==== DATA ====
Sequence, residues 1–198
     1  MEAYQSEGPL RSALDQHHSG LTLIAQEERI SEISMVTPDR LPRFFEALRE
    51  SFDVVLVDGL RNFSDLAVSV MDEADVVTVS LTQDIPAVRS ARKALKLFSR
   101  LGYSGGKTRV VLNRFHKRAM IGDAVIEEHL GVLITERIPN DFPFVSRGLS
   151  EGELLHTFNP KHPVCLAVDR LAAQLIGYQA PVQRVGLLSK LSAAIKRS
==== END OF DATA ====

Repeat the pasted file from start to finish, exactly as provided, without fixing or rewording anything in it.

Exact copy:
Sequence, residues 1–198
     1  MEAYQSEGPL RSALDQHHSG LTLIAQEERI SEISMVTPDR LPRFFEALRE
    51  SFDVVLVDGL RNFSDLAVSV MDEADVVTVS LTQDIPAVRS ARKALKLFSR
   101  LGYSGGKTRV VLNRFHKRAM IGDAVIEEHL GVLITERIPN DFPFVSRGLS
   151  EGELLHTFNP KHPVCLAVDR LAAQLIGYQA PVQRVGLLSK LSAAIKRS